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Recycling diapers is possible! Baby's disposable diapers are one of the biggest pollutants on our planet.

 In Italy, a unique plant has developed a system to recycle them into raw materials ready for use again. How does it work? Once upon a time ...

 In Italy, a unique plant has developed a system to recycle them into raw materials ready for use again. How does it work?


Once upon a time there was recycling

A first in Treviso, Italy, one of the leading countries in recycling. Fater, born from the association of Pampers (a Procter&Gamble diaper brand) and Angelini, will open in 2017 a plant capable of 100% recycling all the components of used baby diapers, as well as all feminine hygiene absorbents of all brands, i.e. plastic, cellulose and super-absorbent polymers (SAP). 

Thanks to a unique technology with 140 registered patents, developed by Marcello Somma, R&D Director, the plant is sized to transform 10,000 tons of diapers per year into recycled raw materials.

Well-organized diaper collection 

Collection is carried out three times a week from private homes and in collective garbage cans thanks to the intervention of Contarina, the municipal collection system. "In 50 municipalities in Veneto (a region in northern Italy), 14 million people have access to the diaper sorting system," informs Marcello Somma.

Recycling of diapers step by step

In this large shed open to the outside, the smell is hard to stand! A mixture of urine and ammonia? Difficult to say precisely but one is mechanically pushed to cover his nose with his scarf. Here, the giant machines reign supreme, we can only see a silhouette in the distance. "The chain is fully automated for health reasons. Only three people work here. Not once does the human hand intervene even once in the entire process," informs one of the site managers. 

On a giant conveyor belt, a collection truck unloads used diapers and other feminine absorbents, packed in plastic bags. They are transported and stored in a large closed chamber designed to limit and disperse the effluent, and then transported to an autoclave, a kind of "sterilizer".

Through the action of rotation and the steam generated, the plastic bags open, releasing the diapers which are then cleaned and disinfected. How many liters of water are used during this step? Is this cycle eco-responsible? For reasons of confidentiality, Fatter could not answer us precisely about its water consumption. However, the company confirmed that 80% of the various water vapors are reused or sent to a nearby treatment center. 

The diapers are cleaned a second time, bleached and cleaned of any bacteria using an "oxidizer" and then sent to a shredder. The exact name of the chemical used was not disclosed, but Fater has indicated that it is "non-chlorinated" and that this step is formally required in order to comply with Italy's "End of Waste" decree, issued in May 2019. The diapers are then dried and the raw materials, cellulose, plastic and super absorbent polymer (SAP), are recovered and separated from each other using an infrared detector capable of identifying them all. "A complete treatment cycle lasts 5 hours for 1,500 kg of diapers," explains Marcello Somma.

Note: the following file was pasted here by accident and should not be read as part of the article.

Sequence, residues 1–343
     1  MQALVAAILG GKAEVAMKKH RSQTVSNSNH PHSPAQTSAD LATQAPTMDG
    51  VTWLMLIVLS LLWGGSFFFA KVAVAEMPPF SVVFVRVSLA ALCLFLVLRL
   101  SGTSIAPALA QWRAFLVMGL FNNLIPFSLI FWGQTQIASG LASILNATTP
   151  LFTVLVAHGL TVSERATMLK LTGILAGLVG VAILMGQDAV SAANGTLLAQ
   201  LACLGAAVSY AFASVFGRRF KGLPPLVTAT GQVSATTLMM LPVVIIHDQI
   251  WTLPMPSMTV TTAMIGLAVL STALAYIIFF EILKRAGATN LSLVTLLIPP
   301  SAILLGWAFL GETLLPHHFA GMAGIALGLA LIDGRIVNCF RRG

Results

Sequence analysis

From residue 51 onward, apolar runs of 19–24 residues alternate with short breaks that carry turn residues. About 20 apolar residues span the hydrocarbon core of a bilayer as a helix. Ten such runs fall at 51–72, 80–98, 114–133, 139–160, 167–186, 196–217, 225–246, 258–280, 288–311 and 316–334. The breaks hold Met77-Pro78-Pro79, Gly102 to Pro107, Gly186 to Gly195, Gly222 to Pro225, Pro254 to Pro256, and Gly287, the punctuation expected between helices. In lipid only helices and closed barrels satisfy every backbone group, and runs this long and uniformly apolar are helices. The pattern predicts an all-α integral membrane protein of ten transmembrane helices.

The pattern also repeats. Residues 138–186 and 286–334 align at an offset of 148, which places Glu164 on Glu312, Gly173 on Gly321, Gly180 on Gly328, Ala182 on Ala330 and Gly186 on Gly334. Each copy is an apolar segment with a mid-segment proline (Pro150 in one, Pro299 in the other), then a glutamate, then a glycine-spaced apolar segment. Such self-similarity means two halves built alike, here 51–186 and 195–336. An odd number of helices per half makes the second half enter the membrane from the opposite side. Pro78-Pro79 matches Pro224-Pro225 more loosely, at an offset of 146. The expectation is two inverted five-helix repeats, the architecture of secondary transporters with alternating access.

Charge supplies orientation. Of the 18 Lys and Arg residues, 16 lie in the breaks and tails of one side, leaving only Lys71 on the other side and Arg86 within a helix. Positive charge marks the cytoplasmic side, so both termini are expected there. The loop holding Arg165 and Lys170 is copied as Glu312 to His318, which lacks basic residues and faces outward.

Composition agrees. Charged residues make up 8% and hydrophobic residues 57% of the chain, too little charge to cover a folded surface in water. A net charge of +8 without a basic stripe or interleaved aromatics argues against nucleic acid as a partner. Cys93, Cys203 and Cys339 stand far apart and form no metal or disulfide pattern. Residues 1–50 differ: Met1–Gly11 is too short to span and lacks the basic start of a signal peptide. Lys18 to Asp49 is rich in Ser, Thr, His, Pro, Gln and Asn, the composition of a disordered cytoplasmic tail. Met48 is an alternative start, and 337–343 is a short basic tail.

Recycled materials, ready for production!

In one ton of diapers, Fater recovers 150 kg of cellulose, 75 kg of plastic and even super absorbent polymer. The organic matter (pee, poop, the rest) is eliminated, like other waste. "Between diaper incineration and recycling, the latter remains the most environmentally friendly solution for our planet," says Ricardo Calvi, communications manager for Fater/P&G Italy. 

Recycled raw materials are sold and used in the manufacture of several products: cellulose will be used in the manufacture of cardboard and furniture, plastic will be transformed into clothes pegs, playground solutions and bottle caps, while the superabsorbent polymer will be used in coatings designed to retain water in gardens and agriculture. We understand why when we learn that 1 gram of this polymer is capable of retaining 0.5 liters of water.

Tomorrow, plants to be recycled throughout Europe 

By 2021, Fater plans to deploy its plants in three European cities, including one in France (where 11 million diapers are used daily), and in 10 cities around the world by 2030. Currently, 600 pilot families in Amsterdam and Verona are testing a new collection method: the Fater Smart garbage can. Installed in supermarkets, nurseries and pharmacies, this garbage can identifies the user by means of his or her smartphone, and opens and closes automatically after diapers are dropped off. It is practical and guaranteed odorless! With this system, a financial reward in the form of purchase coupons could even be considered by communities to encourage users. 

Composting: another way to depollute?

If the recycling of layers is one of the possibilities today, would composting be an alternative? The association Les Alchimistes, which specializes in composting waste, has launched an experimental project in partnership with 10 Île-de-France daycare centers called "les couches fertiles" (the fertile layers), which aims to transform poop into compost! More concretely, the association is recovering and transporting the layers to its Ile Saint-Denis site. 

Biodegradable organic materials (saddle, urine, cellulose) are separated from non-natural materials, recovered and mixed with food waste, such as coffee. All is then stored in an electromechanical composter for ten days. In France, composting with human organic waste is forbidden for health reasons. The association, surrounded by experts, is trying to demonstrate the contrary with the aim of marketing it.

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